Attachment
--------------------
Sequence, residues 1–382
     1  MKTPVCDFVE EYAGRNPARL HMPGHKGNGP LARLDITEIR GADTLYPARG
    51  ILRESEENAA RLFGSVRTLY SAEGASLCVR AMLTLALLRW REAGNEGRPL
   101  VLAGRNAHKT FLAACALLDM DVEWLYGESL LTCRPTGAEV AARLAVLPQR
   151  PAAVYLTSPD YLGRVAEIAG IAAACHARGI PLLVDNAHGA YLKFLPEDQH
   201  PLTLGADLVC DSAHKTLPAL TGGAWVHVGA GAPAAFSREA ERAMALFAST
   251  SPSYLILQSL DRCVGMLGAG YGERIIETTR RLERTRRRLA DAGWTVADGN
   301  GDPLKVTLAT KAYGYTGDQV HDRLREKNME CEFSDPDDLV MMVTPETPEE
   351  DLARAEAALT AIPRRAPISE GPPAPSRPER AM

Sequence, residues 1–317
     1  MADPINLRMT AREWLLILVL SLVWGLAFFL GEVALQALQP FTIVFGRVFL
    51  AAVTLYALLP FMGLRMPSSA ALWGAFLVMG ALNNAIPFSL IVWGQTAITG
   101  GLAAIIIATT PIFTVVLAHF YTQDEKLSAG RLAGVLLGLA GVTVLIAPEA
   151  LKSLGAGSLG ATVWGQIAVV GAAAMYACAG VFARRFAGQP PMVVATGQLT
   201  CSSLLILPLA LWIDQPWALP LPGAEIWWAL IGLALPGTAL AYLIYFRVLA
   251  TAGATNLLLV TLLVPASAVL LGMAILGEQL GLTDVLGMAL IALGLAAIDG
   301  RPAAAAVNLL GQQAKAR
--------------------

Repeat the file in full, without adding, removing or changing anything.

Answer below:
Sequence, residues 1–382
     1  MKTPVCDFVE EYAGRNPARL HMPGHKGNGP LARLDITEIR GADTLYPARG
    51  ILRESEENAA RLFGSVRTLY SAEGASLCVR AMLTLALLRW REAGNEGRPL
   101  VLAGRNAHKT FLAACALLDM DVEWLYGESL LTCRPTGAEV AARLAVLPQR
   151  PAAVYLTSPD YLGRVAEIAG IAAACHARGI PLLVDNAHGA YLKFLPEDQH
   201  PLTLGADLVC DSAHKTLPAL TGGAWVHVGA GAPAAFSREA ERAMALFAST
   251  SPSYLILQSL DRCVGMLGAG YGERIIETTR RLERTRRRLA DAGWTVADGN
   301  GDPLKVTLAT KAYGYTGDQV HDRLREKNME CEFSDPDDLV MMVTPETPEE
   351  DLARAEAALT AIPRRAPISE GPPAPSRPER AM

Sequence, residues 1–317
     1  MADPINLRMT AREWLLILVL SLVWGLAFFL GEVALQALQP FTIVFGRVFL
    51  AAVTLYALLP FMGLRMPSSA ALWGAFLVMG ALNNAIPFSL IVWGQTAITG
   101  GLAAIIIATT PIFTVVLAHF YTQDEKLSAG RLAGVLLGLA GVTVLIAPEA
   151  LKSLGAGSLG ATVWGQIAVV GAAAMYACAG VFARRFAGQP PMVVATGQLT
   201  CSSLLILPLA LWIDQPWALP LPGAEIWWAL IGLALPGTAL AYLIYFRVLA
   251  TAGATNLLLV TLLVPASAVL LGMAILGEQL GLTDVLGMAL IALGLAAIDG
   301  RPAAAAVNLL GQQAKAR